Emma: There is a school of thought that PE valuation processes lack objectivity and transparency as some fund managers do not update fair value inputs, which inflates values compared to public counterparts. What is your take on that?
Michael: I think it is a misunderstanding to suggest that PE managers valuation processes are biased. Certainly after, the 2008/9 great financial crisis (GFC), the 2010 Dodd-Frank Act, and EU financial regulatory directives; PE and credit valuations are subject to extensive oversight from board of directors and audit committees, auditors, regulators, investors and other interest parties. This results in a high standard of accountability. Private asset managers take measured steps to ensure compliance with ESMA directives, SEC rules and U.S. GAAP, with many large firms employing dedicated internal resources specifically to valuation rather than using deal teams to oversee the valuation processes.
// For instance, there is the ubiquitous and continuing regulatory focus on valuation, the SEC’s 2023 SEC Exam Priorities explicitly lists compliance with “Investment Company Act Fair Valuation Rule 2a-5”. In addition to many techniques for asset valuation; good faith fair value determinations continue to be top of mind for private managers, regulators, auditors, boards, general partners (GPs), limited partners (LPs) and other overseers.
Zinqular have independent internal valuations team that prepare valuations without the bias deal teams may have. Next, we utilize third-party valuation firms that provide the manager with their views on valuations. Managers that deviate from the recommendations from these third-party firms normally need to justify these decisions to their valuation committees and auditors. In addition, board valuation committees and auditors regularly review these marks to ensure best practices have been followed and that the marks adequately reflect a company’s performance and market conditions.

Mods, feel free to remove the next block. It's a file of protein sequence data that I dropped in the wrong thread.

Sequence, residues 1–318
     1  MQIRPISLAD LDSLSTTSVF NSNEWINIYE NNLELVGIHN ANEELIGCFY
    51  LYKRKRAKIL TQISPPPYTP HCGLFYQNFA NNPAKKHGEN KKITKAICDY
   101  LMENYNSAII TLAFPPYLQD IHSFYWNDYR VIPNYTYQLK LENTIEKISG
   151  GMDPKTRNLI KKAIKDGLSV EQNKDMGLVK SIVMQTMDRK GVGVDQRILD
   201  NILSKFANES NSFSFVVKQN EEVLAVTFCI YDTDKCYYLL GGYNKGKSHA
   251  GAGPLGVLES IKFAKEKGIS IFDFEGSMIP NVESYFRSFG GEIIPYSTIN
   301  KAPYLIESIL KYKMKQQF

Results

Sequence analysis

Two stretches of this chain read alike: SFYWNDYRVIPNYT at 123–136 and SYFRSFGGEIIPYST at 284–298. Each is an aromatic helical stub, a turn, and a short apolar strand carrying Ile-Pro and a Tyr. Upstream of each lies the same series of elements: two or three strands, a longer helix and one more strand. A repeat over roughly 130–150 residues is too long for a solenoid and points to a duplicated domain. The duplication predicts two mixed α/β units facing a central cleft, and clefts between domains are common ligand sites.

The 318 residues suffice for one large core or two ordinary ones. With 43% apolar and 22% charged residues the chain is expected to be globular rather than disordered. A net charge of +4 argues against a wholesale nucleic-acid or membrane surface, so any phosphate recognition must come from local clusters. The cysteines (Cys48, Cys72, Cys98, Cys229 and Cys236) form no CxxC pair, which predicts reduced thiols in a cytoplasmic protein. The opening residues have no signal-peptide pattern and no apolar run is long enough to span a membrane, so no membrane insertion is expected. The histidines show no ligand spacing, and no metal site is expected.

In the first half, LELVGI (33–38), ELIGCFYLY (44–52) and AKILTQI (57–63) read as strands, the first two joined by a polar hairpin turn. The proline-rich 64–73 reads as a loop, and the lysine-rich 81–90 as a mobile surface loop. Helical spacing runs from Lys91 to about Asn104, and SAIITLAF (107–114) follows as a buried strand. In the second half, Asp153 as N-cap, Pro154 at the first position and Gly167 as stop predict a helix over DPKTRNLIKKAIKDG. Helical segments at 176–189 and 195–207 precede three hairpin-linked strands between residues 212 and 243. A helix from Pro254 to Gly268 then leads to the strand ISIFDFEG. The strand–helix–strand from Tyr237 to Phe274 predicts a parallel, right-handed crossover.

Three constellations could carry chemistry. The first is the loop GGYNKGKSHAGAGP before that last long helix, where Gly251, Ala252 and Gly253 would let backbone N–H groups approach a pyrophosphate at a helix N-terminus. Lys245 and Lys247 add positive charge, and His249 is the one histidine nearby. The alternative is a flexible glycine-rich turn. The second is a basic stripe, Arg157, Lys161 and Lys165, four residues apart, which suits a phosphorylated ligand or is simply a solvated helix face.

In addition to regulatory scrutiny, our clients, the LPs; have placed increasing focus on valuation transparency and conduct regular due diligence to ensure GP processes align with fair value accounting standards. The resulting structure is a checks and balances system in which LPs continuously review GP valuation procedures. LPs regularly request valuation reports to gather insight into the conclusions and fund managers are responsible for clarifying any outstanding questions from investors. These trends have resulted in the increased use of 3rd-party valuation firms, which further buttresses the credibility of PE and credit valuation processes.
Data from regulatory filings of publicly traded PE and credit funds suggests over 68% of managers indicated they selected lower EV multiples for their portfolio companies and the average multiple decline in the sample was approximately 0.6x of EBITDA. In addition, during the period from Q2 2021 through Q4 2022, the LPMI showed seven consecutive quarters with multiples declining, yet the index actually increased during that period due to steadily improving operating performance.